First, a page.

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This article focuses on the interconnections between the value of sovereign and banking debt that are created through sovereign guarantees for the bank debt. It proposes a method to price debt guarantees when the sovereign providing the guarantee can itself be risky.
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The EU institutional reaction to the Euro-area sovereign debt problems has focused in particular on the new architecture designed to avert a financial crisis. This architecture is made up of (i) the European Financial Stabilization Mechanism (EFSM), an EU financial assistance feature available to all 27 member states, (ii) the European Financial Stabilization Facility (EFSF), a temporary credit-enhanced SPV with minimal capitalization
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The financial market outlook and risks as well as the impact of regulatory reforms on the financial sector were the topics discussed at the October 2011 OECD Financial Roundtable. Concerns about the current situation in financial markets were centred on the sovereign debt and banking crisis in Europe and its repercussions in other parts of the world. Many participants felt that policy makers had not been doing enough to address the
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The government guarantees on bank bonds adopted in 2008 in many advanced economies to support the banking systems were broadly effective in resuming bank funding and preventing a credit crunch. The guarantees, however, also caused distortions in the cost of bank borrowing. Their reintroduction might help alleviate the current pressures on banks caused by the sovereign debt crisis, but the pricing mechanism should ensure a level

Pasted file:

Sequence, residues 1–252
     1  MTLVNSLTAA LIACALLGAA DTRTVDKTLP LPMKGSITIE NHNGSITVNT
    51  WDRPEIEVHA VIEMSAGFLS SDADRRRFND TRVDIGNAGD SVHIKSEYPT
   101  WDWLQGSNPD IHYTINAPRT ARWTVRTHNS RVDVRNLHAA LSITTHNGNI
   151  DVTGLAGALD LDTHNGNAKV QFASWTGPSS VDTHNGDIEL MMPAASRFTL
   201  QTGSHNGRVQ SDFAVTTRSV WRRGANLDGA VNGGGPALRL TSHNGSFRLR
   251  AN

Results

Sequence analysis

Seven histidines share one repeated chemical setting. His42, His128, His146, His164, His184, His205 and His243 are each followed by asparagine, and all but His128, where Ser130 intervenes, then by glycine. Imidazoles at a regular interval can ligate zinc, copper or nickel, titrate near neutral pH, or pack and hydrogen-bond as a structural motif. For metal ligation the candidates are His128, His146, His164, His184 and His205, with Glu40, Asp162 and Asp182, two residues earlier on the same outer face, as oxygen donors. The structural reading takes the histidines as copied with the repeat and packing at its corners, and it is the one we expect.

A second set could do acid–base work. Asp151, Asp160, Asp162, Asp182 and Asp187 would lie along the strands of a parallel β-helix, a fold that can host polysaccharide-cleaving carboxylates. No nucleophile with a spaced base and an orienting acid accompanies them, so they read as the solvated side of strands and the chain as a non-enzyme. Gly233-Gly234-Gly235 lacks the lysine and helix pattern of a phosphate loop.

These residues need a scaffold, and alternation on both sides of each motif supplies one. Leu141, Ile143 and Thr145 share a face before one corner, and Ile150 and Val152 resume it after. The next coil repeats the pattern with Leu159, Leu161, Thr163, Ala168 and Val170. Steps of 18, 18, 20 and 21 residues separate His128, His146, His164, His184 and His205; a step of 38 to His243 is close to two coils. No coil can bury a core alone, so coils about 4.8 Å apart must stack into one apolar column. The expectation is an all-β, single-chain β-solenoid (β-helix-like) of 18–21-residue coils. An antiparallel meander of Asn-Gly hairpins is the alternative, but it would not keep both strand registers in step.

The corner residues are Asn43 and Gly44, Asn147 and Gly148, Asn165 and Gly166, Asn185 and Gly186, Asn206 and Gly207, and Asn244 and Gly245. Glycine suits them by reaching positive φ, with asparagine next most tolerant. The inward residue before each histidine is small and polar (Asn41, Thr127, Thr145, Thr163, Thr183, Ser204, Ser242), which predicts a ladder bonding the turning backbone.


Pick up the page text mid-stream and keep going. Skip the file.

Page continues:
These articles were prepared for a symposium on bank failure resolution and crisis management which focused, in particular, on the use of guarantees and the spill-overs between the credit qualities of sovereigns and banking systems.
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The Good Practices reflect what pension regulatory and supervisory authorities usually expect to examine when assessing the risk management of pension funds that use alternative investments and derivatives. The Good Practices outline how supervisors should oversee such investments and suggest possible regulatory controls. The character of the Good Practices emphasizes the overriding principle that it is the responsibility of pension
The OECD Global Forum on International Investment (GFII) promotes investment for growth and sustainable development by engaging governments worldwide and interested stakeholders in peer learning and dialogue on emerging issues facing the investment policy community.
These good practices reflect what pensions regulatory and supervisory authorities usually expect to examine when assessing the risk management of pension funds that use alternative investments and derivatives. They outline how supervisors should oversee such investments and suggest possible regulatory controls.
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More needs to be done to ensure accountability, independence, transparency and integrity of the various actors of the financial system safety net. This article discusses the roles and responsibilities of the various agencies that are part of the financial system safety net, and it sets out a framework for the decision-making process for these actors in the management of a financial crisis.
This report reviews three key areas of corporate action accounting for greenhouse gas emissions, achieving emissions reductions and engaging suppliers, consumers and others.